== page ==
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Laura Kessel is managing editor of The News-Herald in Willoughby. She writes a weekly column and shares her thoughts here.

Friday, June 15, 2012

Tour of town aboard Osprey is one hot time

The U.S. military ruined my ability to fly comfortably.

In September 2006, I took a flight with Air National Guard Major John Klatt across Northeast Ohio before the Cleveland National Air Show.

Klatt was serving as an aerobatic pilot during the event and took me on a ride that included loops and rolls over Lake Erie.

I got a little queazy and overheated during the experience, after Klatt kept up the rolls in an attempt to get me to keep my eyes open as we came back around to horizontal.

It was a warm, sunny day, and the plane was pretty small, so, as you can imagine, it heated up pretty quickly. Add a queasy stomach, and I couldn’t wait to get back on terra firma. Once on the ground, Klatt popped the dome of the plane so I could get some fresh air.

That flight honed my skills to know when a plane I’m in is turning or just flying out of normal formation.

And, yes, it always brings back some unsettling memories of those rolls over the lake.

That’s why it’s all the more shocking that I agreed to head up into the friendly skies with the U.S. Marines this week aboard a V-22 Osprey.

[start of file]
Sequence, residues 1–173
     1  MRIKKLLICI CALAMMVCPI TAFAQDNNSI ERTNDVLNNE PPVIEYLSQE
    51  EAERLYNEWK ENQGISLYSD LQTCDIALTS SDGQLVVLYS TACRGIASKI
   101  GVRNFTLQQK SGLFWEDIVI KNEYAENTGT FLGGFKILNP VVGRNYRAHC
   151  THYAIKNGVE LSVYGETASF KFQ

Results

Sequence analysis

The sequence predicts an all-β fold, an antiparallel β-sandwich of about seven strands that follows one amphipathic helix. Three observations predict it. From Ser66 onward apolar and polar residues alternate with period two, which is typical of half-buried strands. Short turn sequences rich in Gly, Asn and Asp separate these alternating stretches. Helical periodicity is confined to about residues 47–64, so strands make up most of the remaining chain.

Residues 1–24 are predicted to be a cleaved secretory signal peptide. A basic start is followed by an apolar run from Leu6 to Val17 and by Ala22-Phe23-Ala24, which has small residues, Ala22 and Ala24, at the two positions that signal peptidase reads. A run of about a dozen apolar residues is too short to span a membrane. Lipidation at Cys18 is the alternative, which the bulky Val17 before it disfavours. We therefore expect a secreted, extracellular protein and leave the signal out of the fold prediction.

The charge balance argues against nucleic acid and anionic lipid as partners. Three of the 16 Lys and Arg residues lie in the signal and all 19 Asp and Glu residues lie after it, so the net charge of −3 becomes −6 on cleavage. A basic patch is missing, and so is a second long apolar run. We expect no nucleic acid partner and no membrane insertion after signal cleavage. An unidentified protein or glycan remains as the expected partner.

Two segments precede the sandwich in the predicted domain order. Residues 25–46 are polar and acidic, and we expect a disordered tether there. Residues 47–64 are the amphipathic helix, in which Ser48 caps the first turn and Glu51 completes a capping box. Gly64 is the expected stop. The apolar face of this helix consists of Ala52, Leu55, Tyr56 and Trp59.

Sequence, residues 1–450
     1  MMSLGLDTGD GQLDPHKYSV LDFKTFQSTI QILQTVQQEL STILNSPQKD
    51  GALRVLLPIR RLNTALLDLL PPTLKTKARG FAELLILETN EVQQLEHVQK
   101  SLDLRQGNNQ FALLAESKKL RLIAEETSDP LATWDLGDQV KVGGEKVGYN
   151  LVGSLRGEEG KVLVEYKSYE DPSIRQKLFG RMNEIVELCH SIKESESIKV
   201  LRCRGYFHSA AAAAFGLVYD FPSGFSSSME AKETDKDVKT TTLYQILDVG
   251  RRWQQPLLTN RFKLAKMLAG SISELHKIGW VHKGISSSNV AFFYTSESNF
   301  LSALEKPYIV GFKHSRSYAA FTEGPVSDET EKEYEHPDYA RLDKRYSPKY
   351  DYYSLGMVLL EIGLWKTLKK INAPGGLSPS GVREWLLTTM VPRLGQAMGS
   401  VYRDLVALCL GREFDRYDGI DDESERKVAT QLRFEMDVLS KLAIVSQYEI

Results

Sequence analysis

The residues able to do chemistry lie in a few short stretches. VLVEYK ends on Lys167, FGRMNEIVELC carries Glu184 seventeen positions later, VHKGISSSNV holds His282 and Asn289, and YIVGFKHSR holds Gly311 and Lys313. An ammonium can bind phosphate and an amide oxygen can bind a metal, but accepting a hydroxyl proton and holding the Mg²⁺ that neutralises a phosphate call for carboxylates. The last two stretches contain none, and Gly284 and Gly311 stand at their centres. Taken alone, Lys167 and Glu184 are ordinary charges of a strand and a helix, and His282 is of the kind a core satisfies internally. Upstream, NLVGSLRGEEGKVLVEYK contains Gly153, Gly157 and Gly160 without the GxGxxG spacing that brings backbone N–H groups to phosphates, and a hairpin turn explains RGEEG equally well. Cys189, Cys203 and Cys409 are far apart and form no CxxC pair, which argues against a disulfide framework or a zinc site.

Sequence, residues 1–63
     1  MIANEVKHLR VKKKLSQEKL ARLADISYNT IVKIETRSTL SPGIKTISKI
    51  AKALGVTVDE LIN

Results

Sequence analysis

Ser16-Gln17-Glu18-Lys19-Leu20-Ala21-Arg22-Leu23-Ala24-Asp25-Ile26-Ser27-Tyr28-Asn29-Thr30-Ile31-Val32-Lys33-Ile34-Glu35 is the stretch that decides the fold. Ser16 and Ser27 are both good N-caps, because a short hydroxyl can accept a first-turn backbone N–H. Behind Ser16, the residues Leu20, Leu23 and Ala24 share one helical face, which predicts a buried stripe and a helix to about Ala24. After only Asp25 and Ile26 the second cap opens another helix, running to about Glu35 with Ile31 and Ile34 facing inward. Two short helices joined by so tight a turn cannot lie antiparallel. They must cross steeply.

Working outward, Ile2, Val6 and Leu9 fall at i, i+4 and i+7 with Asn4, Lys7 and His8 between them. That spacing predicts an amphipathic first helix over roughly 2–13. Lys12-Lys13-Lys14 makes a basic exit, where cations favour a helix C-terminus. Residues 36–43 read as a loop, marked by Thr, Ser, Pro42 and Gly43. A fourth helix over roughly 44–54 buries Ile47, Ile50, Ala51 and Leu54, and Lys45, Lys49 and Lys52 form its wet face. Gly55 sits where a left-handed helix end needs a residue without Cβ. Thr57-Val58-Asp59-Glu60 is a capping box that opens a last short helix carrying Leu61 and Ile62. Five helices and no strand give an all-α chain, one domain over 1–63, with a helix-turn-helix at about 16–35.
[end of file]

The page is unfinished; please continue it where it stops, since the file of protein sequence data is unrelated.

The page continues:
Let me get technical first: This is neither a plane nor a helicopter. It’s a tiltrotor craft that combines the functionality of a helicopter with the flying speed of a plane.

In other words, it flies really fast and can do vertical takeoffs and landings.

When I got my first look at the Osprey, or V-22 to the Marines, it was on the tarmac at Burke Lakefront Airport in its resting position. It looks like a helicopter giving a shrug in answer to a question, with its propellers facing forward.

When it starts moving, the props lift up to vertical and start spinning.

If you’re nearby, I hope you’re wearing earplugs, because these things are loud. And, they produce a lot of wind.